Think about what the recipient of your card would like to read. What does he or she always ask first when you see or call the person? If Cousin Anna always asks how your children are doing at school, tell her about it. What are the hobbies and interests of the card recipients? Your best friend from kindergarten is a huge football fan. Then he will be happy to hear you tell him about the football match you went to. Does he like cooking or food? Then tell him about the delicious honey that you have tasted in Greece. Anyone who is able to put himself into the shoes of the receiver and formulate the correct map text is interesting and creative. Before you write the greeting card, you should think about the current personal situation of the recipient: What is he experiencing? How is he? What words would he be particularly looking forward to?

      Quote - completely individual


A quote can give your card a very personal touch. It should not only fit the occasion, but also the other person. It is also a good idea to cite people who are well-known, perhaps admired or revered. You can cite a line from a common song that is relevant to the recipient. A quote from one of your favorite movies expresses what you feel. Yes, you can even cite your own children or the wise grandma if it fits well in the context.


      Basic information spiced up


If the tone is appropriate for the particular frame or occasion: write loose and colloquially, possibly also with a bit of humour. Basic information such as date, route descriptions or dress code wishes can get an original twist. In the approach to the wedding reception, for example, could be: "On our big day, no one should be missed! Or:" I know how busy you are: so you should mark this important date very thick in the calendar! "

      Thank you


A simple "thank you" stands for itself and is - especially framed in a pretty card - always a sign that one is appreciated and pleased about his generosity. Tell the people that the new kitchen machine is almost daily in use, the concert ticket has given you a wonderful, fun evening or you have come closer to your dream of your own motorcycle or a designer handbag thanks to the generous money gift.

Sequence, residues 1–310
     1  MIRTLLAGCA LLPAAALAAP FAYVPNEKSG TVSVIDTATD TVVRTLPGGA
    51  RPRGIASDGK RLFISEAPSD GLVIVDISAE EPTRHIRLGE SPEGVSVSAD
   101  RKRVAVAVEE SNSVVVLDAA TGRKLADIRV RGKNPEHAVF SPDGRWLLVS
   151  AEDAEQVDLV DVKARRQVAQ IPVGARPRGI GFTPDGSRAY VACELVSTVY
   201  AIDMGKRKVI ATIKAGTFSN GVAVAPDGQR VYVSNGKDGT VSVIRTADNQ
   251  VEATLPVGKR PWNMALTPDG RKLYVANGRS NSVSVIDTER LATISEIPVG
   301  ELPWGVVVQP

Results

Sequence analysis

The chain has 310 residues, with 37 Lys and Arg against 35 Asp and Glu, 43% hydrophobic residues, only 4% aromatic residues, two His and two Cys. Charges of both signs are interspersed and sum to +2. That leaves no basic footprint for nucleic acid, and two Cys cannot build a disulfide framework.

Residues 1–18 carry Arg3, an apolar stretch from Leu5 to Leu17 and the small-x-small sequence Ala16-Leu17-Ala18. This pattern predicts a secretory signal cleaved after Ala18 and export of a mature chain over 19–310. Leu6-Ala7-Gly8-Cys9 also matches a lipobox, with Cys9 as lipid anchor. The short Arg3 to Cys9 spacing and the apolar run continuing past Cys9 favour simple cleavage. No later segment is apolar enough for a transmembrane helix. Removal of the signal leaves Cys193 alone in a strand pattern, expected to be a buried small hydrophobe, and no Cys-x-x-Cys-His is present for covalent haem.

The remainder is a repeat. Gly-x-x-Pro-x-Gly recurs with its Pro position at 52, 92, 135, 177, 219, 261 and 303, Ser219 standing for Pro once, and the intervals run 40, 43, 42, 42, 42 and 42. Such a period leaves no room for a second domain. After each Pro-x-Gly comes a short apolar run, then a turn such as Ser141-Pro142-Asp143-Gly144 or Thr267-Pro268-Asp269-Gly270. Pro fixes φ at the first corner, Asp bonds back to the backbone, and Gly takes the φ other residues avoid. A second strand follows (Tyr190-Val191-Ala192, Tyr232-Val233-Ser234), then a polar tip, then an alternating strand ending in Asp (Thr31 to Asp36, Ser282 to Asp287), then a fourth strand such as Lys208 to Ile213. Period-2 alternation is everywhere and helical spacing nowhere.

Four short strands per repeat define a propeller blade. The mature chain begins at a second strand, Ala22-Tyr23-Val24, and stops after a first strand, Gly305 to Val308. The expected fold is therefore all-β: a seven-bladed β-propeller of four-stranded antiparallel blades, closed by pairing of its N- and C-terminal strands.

A symbol says more than 1000 words


Emoticons, which many send by messenger, SMS or e-mail every day, are able to express what other words maybe can’t. If it suits your style or occasion – use it. You can also draw something, but don’t let the drawing take up all the space. Be a little creative. The recipient will appreciate it for sure.

      Write with hand


A hand-written congratulation is personal and is perceived by the recipient as a gift. Computer print, on the other hand, appears impersonal and unloving. Even e-mails are quickly lost in the daily e-mail flood and should be avoided.



I am sure that by now, you know some of the basics in order to write your card. However, you should always have in mind that you should write from your heart and consider the person that is receiving it. Pay attention to grammar and spelling, since the reader should have no issues while reading your sentences. It all depends on the occasion, but all those cards mean more when they have at least one sentence written on it. Don’t leave it blank, because I am sure that there is at least something you would like to say. It is like standing in front of a loved one and remaining silent. I am sure that it would feel awkward and that’s not what you want. So, make sure to use these tips and write your card with hand and heart!

Thank you Kerri for the informative suggestions.

Sunday, 17 September 2017

Guest Author Ritu Bhathal of Kent, England.

I stumbled upon Ritu's delightful short story, The Bag Lady, and asked her if she would be a guest on the Scribbler and share her story. Much to my delight, she said yes!

Ritu Bhathal was born in Birmingham in the mid-1970’s to migrant parents, hailing from Kenya but of Indian origin. This colorful background has been a constant source of inspiration to her. From childhood, she has always enjoyed reading. This love of books is mostly credited to her mother. The joy of reading spurred her on to become creative with her own writing, from fiction to poetry. Winning little writing competitions at school and locally gave her the encouragement to continue writing.

As a wife, mother, daughter, sister, and teacher, she has drawn on inspiration from many avenues to create the poems that she writes.

A qualified teacher, having studied at Kingston University, she now deals with classes of children as a sideline to her writing!

Ritu also writes a blog, a mixture of life and creativity, thoughts and opinions, which recently was awarded second place in the Best Overall Blog Category at the Annual Blogger’s Bash Awards.